Forty years ago, Francis Ford Coppola released The Godfather II and The Conversation. It’s hard to imagine another director having two memorable movies come out in the same calendar year, but Mel Brooks did it, too. And in the same year. Blazing Saddles came out in February, Young Frankenstein in December. They are arguably his two best movies and they surely put him over the top as a Hollywood star. The next year he gave what I think is the best print interview of his career. So in the afterglow of Valentine’s Day, when love and laughter are still paramount, please enjoy an American legend in his prime.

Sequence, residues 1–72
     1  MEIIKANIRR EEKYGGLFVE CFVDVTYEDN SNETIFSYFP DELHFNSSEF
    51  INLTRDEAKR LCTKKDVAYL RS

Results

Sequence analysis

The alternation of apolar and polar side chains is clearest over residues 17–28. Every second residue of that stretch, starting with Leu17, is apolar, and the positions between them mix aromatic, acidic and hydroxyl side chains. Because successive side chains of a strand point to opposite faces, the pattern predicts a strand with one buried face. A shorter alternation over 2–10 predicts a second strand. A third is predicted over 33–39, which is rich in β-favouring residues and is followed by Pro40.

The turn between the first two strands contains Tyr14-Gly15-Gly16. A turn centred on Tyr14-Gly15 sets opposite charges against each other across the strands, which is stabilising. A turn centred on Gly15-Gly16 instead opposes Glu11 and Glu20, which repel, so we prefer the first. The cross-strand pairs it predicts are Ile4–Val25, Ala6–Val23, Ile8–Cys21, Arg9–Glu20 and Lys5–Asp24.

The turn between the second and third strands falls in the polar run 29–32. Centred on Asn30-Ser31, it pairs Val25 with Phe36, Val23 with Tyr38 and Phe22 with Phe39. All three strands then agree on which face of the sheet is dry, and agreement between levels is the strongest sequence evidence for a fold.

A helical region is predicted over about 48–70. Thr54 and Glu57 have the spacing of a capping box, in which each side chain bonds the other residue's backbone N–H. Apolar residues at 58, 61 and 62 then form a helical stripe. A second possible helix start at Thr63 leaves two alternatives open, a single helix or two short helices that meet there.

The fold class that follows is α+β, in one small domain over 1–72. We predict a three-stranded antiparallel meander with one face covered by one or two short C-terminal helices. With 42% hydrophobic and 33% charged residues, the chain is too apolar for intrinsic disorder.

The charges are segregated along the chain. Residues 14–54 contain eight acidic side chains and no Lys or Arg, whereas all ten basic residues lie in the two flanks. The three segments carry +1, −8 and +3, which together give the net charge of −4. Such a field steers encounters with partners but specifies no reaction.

This article originally appeared in the February 1975 issue of Playboy. To read every article the magazine has ever published—from 1953 until today—visit the complete archive at iplayboy.com. For more Playboy, check out PlayboySFW.kinja.com. —Alex Belth
“The rich,” according to a Spanish proverb, “laugh carefully.” They have a lot to lose. The poor, on the other hand, need to laugh in order to forget how little they have to laugh about—which may be why the Depression was the last golden age of comedy in American movies. Will the current economic recession bring on another comedy boom? Movie producers think so; the 1975 production docket is packed with laugh-it-up scripts. Film producers also acknowledge that the strongest creative impulse behind the boom is the maniacal imagination and energy of one of the very few moviemakers since Charlie Chaplin who is unarguably a comic genius—Mel Brooks.